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  • 1. By Steve Player, Program Director, Beyond Budgeting Round Table, North America Copyright 2013. Beyond Budgeting Round Table, North America. All rights reserved. Page 1 Current Challenges Businesses around the world face tremendous challenges as global competition accelerates. Since 2009 organizations have been trying to regain their footing and return to robust growth. There is a great sense of urgency for business to transform. To help achieve these objectives, finance organizations are looking for ways to become better partners with their operating lines of business. While finance continues to provide essential transaction processing capabilities, most CFOs are also looking for ways to become more strategic and better support decision making. They strive to provide business analysis that will help them better understand operations. They seek new ways to support operational executives in growing the business profitably. They also seek to provide the tools that can help finance executives work together with operations to reach strategic goals. However, the challenge most organizations face is that their finance function is trapped by legacy tools that consume their time yet fail to deliver on these expanded objectives. How can finance organizations break free? Perhaps the leading example of this dilemma is faced by the financial planning and analysis (FP&A) function which is often called the brain of an organization. It tells the other functions what needs to be done by when. Typically this involves at least three levels of planning: 1 Strategic planning which defines the three to five year goals and objectives of the organization. 2 Business planning which covers the one year plan typically detailed in an annual budget. 3 Sales and operational planning (S&OP) which covers the next 30 to 90 days of execution activity. Finance departments are heavily involved with the annual budgets and may also have some involvement with strategic planning and S&OP. Some advanced organizations are moving to integrated business planning which brings together strategic, financial, and operational planning. Finance can play a key role as the facilitator of this approach by translating operating activities into financial results. Using Mobility to Expand Planning and Performance Management Best Practices How Financial Planners and Analysts Spend Their Time Providing value- added analysis 23% Administering the process 30% Collecting and validating the data 47% SOURCE: APQC / BBRT Research Exhibit 1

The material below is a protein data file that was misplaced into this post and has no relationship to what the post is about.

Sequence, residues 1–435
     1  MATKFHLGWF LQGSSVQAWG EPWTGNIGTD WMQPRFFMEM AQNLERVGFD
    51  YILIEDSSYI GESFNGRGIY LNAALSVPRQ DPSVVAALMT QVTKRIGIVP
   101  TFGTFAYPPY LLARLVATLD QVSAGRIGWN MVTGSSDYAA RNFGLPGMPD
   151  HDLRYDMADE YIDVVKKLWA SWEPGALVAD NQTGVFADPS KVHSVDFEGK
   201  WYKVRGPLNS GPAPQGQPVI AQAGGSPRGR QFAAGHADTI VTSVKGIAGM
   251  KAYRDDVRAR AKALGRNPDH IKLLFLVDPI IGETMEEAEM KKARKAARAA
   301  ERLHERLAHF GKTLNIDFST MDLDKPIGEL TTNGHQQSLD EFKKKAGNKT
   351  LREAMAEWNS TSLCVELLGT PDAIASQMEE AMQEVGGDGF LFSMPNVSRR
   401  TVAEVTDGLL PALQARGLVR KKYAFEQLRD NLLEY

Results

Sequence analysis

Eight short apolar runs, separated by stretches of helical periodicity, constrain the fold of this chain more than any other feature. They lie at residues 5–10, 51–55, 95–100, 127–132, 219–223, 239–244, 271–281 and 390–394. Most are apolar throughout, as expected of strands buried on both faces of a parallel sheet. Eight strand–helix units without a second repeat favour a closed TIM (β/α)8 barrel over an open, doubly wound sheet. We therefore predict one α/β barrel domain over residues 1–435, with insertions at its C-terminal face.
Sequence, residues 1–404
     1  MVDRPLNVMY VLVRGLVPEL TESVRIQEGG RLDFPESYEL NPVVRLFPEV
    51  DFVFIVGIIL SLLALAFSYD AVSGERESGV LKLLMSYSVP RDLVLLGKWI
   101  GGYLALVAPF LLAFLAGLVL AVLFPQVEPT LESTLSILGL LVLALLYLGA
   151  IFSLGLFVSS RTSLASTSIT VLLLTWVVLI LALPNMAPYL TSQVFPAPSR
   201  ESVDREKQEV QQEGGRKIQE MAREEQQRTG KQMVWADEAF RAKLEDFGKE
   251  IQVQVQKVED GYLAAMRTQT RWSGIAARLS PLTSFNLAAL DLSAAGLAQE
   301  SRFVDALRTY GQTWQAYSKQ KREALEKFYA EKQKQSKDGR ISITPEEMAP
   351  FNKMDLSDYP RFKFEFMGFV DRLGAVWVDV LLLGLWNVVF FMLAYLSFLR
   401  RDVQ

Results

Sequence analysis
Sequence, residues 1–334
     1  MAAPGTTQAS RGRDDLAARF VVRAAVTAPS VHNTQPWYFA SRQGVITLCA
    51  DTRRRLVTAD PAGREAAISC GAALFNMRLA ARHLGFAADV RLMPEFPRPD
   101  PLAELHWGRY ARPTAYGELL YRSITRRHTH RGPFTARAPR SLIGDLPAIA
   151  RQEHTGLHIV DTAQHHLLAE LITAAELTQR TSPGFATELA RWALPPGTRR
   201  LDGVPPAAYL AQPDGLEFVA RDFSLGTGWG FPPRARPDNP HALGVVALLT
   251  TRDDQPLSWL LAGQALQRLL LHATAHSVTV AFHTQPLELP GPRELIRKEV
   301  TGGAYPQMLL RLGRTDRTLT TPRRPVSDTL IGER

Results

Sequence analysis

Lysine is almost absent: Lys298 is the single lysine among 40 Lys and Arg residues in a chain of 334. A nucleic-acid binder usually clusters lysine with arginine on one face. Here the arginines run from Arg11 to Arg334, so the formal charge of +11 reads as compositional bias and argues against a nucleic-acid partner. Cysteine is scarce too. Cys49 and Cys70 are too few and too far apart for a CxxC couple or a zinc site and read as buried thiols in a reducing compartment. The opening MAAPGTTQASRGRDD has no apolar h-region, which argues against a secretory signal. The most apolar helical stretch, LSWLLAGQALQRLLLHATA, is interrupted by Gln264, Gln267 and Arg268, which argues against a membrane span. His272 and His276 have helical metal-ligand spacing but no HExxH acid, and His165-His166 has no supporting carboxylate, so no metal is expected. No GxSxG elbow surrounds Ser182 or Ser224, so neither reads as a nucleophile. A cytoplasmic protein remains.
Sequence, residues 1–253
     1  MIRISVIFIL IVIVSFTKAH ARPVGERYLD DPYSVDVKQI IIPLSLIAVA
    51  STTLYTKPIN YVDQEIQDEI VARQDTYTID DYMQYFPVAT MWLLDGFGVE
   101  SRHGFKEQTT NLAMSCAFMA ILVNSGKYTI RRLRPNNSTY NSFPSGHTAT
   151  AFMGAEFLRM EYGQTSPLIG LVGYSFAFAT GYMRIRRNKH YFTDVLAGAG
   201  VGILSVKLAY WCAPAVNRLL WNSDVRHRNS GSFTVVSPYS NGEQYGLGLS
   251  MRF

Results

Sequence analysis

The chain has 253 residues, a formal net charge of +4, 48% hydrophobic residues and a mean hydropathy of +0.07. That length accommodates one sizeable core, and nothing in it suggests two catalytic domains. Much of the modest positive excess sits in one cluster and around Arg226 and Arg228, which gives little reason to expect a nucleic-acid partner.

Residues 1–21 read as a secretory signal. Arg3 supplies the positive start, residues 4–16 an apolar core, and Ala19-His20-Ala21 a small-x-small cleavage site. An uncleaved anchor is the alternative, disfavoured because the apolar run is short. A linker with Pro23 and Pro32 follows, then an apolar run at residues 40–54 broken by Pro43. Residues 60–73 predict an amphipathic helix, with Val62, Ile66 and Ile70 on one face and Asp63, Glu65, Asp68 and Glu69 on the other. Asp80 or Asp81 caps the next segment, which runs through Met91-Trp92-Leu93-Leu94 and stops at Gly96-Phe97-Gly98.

• 2. By Steve Player, Program Director, Beyond Budgeting Round Table, North America Copyright 2013. Beyond Budgeting Round Table, North America. All rights reserved. Page 2 Moves to integrated business planning (IBP) focus on leveraging the fact that all of these process- es are working with the same information. For instance, the sales and operational plans look at capacity to identify where specific orders should be produced. The annual financial plan or budget takes that same capacity and uses it to calculate unit costs and financial results. The strategic plans also look at capacity to evaluate long-term capital needs. While understanding similarities, it is also important to understand the differences in these three types of planning. (See Exhibit 2.) In recent years, finance organizations have supplemented annual budgeting with more frequent forecasting. Some forecasting efforts only focus on the current year-end targets (which is called “forecasting to the wall”) while others roll forecasts across a consistent time horizon. From a planning focus, organizations could also engage in capital expenditure planning, capacity planning, workforce planning, product development planning, sales planning, and many other supporting components of the overall business planning functions. Organizations often face numerous challenges when trying to execute the planning function. Access to critical information is often trapped in legacy information systems spread across many functional silos in dispersed geographical areas making information difficult to find. Even if it can be found, the data is difficult to use as it often resides outside transactional systems that finance typically utilizes. This data is difficult to convert into usable forms. Even when this can be achieved, the timeliness of the data is often an issue. Operational systems are built to support operations. Financial accounting conventions such as financial cut-offs, monthly or quarterly time periods, and historical cost views (vs. economic views) are often meaningless to operational managers. Tapping into operational systems seems economical, but you must remember that they were built to support operations and not financial accounting. As a result, research has shown that 77% of FP&A time is spent gathering information and administer- ing the process. (See Exhibit 1 on previous page.) This only leaves 23% for doing any value added plan- ning work. So a key challenge for FP&A is how to change their processes to become more effective. In recent years, finance organizations have supplemented annual budgeting with more frequent forecasting. Three Types of Planning How do we service demand efficiently? ●● Focus: responding and executing ●● Timeline: typically the next 90 days ●● Highly constrained short term capability ●● Detailed forecasts with high degree of predictability How do we deploy our resources to best effect? ●● Focus: navigating and shaping ●● Timeline: typically the next 12 to 18 months ●● Choice of response limited ●● Best estimate of what will happen (based on current assumptions) ●● Forecasts detailed ‘enough’ with ranges How do we structure the business to compete most effectively? ●● Focus: adapting and creating options ●● Timeline: typically the next 3 to 5 years or longer ●● Freedom to look at alternative scenarios of the future environment ●● Difficult to forecast beyond broad brush estimates Sales and Operational Planning Business Forecasting Strategic Planning Increasingly unpredictable Increasing choice NOW FUTURE Exhibit 2SOURCE: Future Ready: How to Master Business Forecasting by Steve Morlidge and Steve Player, (Wiley, 2010)